After the embarrassment/reality check of going unsold at the T20 auction, our captain fantastic is now on a pair against India.
Surely he must be lying to himself if he thinks that being a top order bat with 1 home field century in the longer format warrants his place in the side…after 87 innings.
So you’d think he’s not a longer format player.
But then you look at his matches played and he’s on 51 tests, 19 ODIs and 27 T20s.
Meaning he has more test caps than ODIs and T20s combined.
One wonders if he buys into the delusions that he’s deserving of a spot in the test side. The moment you ask that question the answers about how hard he works, how respected he is and what a wonderful team man he is come flying at you…as though all of those take a backseat to RESULTS.
Then you look at his comments about how “let down” he feels after going unsold at the recent auction and you begin to see exactly the type of mentality that quota systems breed. It’s clear what he means. He sneakily trying to inject race into it. He believes that because he is the Protea captain, obviously only because he is black, failure to respect his BEE status, is a let down and step backward from racial equity.
My skin color makes me deserving. Let’s remember what Themba said in a recent interview. “People always talk about the bad things that quotas have done. What about the good things?” Meaning we have a sportsman, a national captain, that buys into the idea that color come first and performance comes second. Ask him if he believes that racial discrimination is a good thing and you already know the answer…”No, it’s evil. But to discriminate against whites is justified even though blacks control the entire country, its sporting bodies and every other aspect of life.”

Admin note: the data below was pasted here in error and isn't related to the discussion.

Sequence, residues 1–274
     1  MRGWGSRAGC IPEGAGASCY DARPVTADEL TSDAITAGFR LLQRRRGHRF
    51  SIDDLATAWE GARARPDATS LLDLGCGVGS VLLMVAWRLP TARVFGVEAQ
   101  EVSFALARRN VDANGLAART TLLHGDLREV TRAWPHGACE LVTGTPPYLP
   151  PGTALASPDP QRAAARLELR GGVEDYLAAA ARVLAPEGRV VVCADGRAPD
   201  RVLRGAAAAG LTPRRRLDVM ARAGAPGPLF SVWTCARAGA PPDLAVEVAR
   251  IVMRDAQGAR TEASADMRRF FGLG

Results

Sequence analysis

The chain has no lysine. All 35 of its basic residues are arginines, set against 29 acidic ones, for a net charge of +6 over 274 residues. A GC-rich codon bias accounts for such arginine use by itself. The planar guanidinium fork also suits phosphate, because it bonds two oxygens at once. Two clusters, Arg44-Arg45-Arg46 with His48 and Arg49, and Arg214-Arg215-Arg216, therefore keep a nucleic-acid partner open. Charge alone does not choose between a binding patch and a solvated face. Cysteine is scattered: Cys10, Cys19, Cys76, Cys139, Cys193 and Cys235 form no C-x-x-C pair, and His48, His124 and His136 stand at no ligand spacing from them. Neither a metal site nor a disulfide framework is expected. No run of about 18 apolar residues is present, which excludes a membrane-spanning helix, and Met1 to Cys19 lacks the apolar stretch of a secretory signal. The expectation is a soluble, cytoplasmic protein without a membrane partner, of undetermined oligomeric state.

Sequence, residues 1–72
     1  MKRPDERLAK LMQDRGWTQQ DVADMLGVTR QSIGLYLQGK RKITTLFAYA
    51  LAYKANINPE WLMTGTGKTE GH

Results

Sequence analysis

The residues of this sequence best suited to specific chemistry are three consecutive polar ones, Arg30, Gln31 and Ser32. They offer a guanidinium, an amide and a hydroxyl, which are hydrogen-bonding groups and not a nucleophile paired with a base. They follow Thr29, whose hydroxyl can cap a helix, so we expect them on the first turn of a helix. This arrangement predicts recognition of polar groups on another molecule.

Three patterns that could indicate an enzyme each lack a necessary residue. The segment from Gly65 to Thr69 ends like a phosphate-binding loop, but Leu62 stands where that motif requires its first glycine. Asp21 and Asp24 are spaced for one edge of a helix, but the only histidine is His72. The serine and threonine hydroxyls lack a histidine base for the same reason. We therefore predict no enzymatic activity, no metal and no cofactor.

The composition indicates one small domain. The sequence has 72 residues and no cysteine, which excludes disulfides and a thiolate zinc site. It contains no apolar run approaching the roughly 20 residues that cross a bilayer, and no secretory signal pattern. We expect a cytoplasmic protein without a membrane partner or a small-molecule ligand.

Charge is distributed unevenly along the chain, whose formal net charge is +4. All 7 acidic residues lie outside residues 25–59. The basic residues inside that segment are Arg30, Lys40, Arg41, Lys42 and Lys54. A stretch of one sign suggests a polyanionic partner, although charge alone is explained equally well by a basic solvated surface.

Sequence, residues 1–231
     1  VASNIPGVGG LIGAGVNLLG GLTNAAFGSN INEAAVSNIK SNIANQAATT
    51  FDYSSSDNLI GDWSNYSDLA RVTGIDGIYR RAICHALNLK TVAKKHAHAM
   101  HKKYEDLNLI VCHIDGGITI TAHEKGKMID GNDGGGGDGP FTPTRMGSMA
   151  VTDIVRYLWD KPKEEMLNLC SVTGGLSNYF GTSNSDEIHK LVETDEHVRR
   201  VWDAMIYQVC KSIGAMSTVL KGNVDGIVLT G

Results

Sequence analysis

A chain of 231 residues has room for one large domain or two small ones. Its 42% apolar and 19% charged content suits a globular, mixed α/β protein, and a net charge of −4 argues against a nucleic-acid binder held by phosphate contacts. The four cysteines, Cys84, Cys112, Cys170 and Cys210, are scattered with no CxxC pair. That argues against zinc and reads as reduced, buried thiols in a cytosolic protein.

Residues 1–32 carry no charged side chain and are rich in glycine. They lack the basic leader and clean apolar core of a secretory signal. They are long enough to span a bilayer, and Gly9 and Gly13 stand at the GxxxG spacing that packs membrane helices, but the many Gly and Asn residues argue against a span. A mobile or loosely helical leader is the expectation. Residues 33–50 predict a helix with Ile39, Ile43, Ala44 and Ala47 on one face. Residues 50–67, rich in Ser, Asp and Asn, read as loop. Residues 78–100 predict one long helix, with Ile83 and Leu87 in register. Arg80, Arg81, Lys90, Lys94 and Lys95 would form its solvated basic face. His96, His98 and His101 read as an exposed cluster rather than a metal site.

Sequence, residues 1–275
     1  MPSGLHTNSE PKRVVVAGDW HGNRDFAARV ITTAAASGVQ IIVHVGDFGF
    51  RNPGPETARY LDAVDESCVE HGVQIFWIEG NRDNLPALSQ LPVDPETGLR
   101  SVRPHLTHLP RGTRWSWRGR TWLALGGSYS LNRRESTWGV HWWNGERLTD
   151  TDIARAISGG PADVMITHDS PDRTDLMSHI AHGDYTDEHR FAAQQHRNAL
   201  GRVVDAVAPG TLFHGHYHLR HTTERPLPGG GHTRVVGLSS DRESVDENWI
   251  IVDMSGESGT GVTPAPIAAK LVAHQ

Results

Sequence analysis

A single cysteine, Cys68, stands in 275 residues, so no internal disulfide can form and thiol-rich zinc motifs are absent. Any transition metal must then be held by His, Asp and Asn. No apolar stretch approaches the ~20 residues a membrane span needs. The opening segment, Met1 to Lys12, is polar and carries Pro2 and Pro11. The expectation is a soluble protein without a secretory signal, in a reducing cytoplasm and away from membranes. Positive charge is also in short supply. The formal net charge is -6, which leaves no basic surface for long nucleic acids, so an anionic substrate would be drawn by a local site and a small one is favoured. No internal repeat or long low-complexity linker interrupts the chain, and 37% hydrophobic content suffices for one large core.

The truth is, with an average university student IQ of 86, many South African blacks are simply not intelligent enough to discern hypocrisy and when they are, their racial bias allows them to unashamedly ignore it.
Quotas create a funny world. One where the players begin to live in a political headspace and see politics and “their right to be selected” as similarly important to what they do on the field.
Bavuma, his recent and very brief purple patch aside, has been a giant nothing in any capacity, in any format, at home or away. So my guess is that he is relying on the inspiration of seeing him as captain to justify his continued involvement with the Proteas.
At the end, one of our national sides has a completely delusional and politics-ridden skipper in charge and he believes, against all the evidence, that he doesn’t need to be as good as his team because he has the right to captain the side.
This is the world that “equity” and discrimination on the basis of skin color creates.
And i don’t think that the majority in SA are even remotely near to being able to figure that out.